Businessmen trading stock looking at graphs indexes and numbers on multiple computer screens
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Buy-side firms are spending more on their trading desks, with technology costs driving the growth, according to new research from Greenwich Associates.

The Stamford, Ct.-based research firm reported that the budgets of buy-side trading desks rose by 4% last year in the U.S. and Europe.

Despite the increased spending, however, head counts on institutional trading desks remained steady year over year — indicating that higher tech spending was behind the growth.

Greenwich also found that firms devoted greater shares of their spending to technology in less liquid asset classes.

For instance, Greenwich reported that fixed-income trading desks allocate 41% of their budgets to tech, versus 36% in equity trading.

“This trend could indicate that when it comes to sourcing liquidity, the buy side finds that a marginal dollar spent on technology returns more than a marginal dollar spent on talent,” said Brad Tingley, analyst at Greenwich Associates.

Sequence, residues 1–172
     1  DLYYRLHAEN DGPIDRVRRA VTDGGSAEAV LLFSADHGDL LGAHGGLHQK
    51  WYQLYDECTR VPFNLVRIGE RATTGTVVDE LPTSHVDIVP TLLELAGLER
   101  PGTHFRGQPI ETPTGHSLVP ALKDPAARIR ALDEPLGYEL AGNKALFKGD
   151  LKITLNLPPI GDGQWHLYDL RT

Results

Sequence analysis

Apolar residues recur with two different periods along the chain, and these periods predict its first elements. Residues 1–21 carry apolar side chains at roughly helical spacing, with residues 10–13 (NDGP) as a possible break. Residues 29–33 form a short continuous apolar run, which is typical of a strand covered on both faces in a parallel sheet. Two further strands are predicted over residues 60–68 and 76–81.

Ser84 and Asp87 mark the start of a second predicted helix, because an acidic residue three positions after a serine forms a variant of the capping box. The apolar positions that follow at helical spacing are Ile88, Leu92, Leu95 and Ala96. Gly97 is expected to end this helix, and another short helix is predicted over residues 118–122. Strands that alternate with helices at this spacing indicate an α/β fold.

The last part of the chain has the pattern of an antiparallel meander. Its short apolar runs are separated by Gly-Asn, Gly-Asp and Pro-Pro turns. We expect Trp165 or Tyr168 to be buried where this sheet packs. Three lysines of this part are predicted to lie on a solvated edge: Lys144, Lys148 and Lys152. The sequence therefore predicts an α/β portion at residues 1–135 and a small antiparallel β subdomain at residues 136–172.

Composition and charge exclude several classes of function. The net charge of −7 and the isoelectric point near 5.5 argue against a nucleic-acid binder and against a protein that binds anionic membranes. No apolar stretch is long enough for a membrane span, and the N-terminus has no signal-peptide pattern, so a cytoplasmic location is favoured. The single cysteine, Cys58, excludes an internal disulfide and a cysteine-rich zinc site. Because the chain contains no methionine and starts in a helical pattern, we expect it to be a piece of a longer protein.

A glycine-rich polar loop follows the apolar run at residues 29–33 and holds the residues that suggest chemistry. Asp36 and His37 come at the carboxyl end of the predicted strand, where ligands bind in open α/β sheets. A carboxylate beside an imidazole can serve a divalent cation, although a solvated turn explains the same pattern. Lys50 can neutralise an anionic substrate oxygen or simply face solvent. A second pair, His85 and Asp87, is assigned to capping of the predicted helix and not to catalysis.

At the same time, the firm also said that its data shows “technology and automation continue to augment human traders rather than replace them.”

It noted that 44% of buy-side traders are now active in multiple asset classes, and that more than two-thirds of them trade multiple instrument types.

“Clearly, traders are seeing benefits from having more flexibility in how they achieve desired exposures and this flexibility has contributed to improved [profit and loss] performance,” said Tingley.

The research also found that market data terminals are the largest tech cost for trading desks, accounting for an average 35% of total tech budgets.

“Interestingly, order management systems represent a smaller expense for trading desks today than in 2016, yet are more common now than before,” Greenwich said.